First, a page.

Get ready for "Schweekend"! Discovery Channel bounces back from July's massively popular "Shark Week" with the debut of shark-tastic programming on Saturday and Sunday. Here are five places where you can have authentic shark experiences that don't involve sitting on the couch.
Face down sharks
Pajama shark, found off the waters of South Africa. (Wilhelm Klipvis / Wikimedia Commons)
Go see the big dogs of the ocean for yourself from the safety of a cage. African Travel Inc. will plunk you down in shark-infested waters off Cape Town, South Africa, where you can stare them down or just gawk in amazement. No training necessary; $6,785 per person based on double occupancy. Info: African Travel's Thrilling Adventure in Southern Africa, (800) 421-8907
Hang out with hammerheads
(Barry Peters / Wikimedia Commons)
Cocos Island off Costa Rica offers one of the best diving spots to see these strange-looking sharks so aptly named. "Drop down, cling to a rock outcrop, aim your camera up and watch the show," GearPatrol.com says. You must have serious diving chops to attempt this dive or check out Divescover where you can find other places to have an authentic hammerhead encounter. Info: Divescover
Dig for ancient shark teeth
(Bryan Chan / Los Angeles Times)
Yes, there are ancient shark fossils near Bakersfield, though scientists aren't exactly sure why. The Buena Vista Museum of Natural History & Science sponsors October digs at Ernst Quarries near Shark Tooth Hill in which you get to play paleontologist for a day. The best part: You keep all the shark teeth you can find.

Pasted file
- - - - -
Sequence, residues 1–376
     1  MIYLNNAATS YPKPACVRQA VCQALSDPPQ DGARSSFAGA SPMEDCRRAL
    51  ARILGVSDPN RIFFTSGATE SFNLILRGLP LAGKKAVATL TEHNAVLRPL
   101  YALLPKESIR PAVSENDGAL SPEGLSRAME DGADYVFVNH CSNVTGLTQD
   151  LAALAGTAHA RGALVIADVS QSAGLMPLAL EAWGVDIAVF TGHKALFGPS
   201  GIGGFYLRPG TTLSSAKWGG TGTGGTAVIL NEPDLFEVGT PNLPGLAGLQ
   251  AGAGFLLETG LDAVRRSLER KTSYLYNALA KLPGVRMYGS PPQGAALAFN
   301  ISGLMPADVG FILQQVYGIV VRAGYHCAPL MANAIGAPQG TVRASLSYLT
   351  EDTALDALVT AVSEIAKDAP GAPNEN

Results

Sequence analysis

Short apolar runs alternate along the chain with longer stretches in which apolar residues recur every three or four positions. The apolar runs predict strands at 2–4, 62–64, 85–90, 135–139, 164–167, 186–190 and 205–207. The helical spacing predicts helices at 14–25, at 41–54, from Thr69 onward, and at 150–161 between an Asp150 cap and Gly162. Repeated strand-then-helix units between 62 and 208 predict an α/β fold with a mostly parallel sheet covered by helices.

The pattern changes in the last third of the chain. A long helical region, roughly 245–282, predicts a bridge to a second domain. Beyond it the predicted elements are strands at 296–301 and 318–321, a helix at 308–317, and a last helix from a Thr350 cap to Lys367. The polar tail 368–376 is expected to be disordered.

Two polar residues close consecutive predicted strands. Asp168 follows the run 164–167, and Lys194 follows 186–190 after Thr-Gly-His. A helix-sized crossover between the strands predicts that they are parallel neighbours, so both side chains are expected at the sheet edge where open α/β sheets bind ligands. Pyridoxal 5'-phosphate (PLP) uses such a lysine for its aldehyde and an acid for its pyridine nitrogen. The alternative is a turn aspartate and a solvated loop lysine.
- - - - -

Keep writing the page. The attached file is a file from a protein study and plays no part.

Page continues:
(Gina Ferazzi / Los Angeles Times
Teeth that once belonged to giant prehistoric killers called megalodons may be as big as your hand. Field guides show you where and how to dig. It costs $85 a day or $160 for two days, plus museum membership ($25 for individuals). Info: Buena Vista Museum of Natural History & Science, (661) 324-6350
Track great white sharks
(Terry Goss / Wikimedia Commons)
At the Houston Museum of Natural Science, you'll get to track great whites as they make their way around the Gulf of Mexico. You also can get close to a white-spotted bamboo shark from the Pacific waters off Asia and an epaulette carpet shark, native to waters around New Guinea and northern Australia. The exhibition "Shark!" continues through Sept. 7. Info: Houston Museum of Natural Science, (713) 639-4629
Seek refuge from card sharks in Vegas
(Steve Marcus / Associated Press)
If you find yourself in Las Vegas and tired of Casinoville, take a break and check out the 9-foot sand tiger shark at Shark Reef Aquarium at Mandalay Bay. You'll also see nurse sharks, zebra sharks, blacktip reef sharks and other species that live in a total of 1.6 million gallons of fresh and saltwater exhibits. Certified divers can qualify to take a dip in the tanks with the aquarium's Dive With Sharks Program too. Info: Shark Reef Aquarium at Mandalay Bay.
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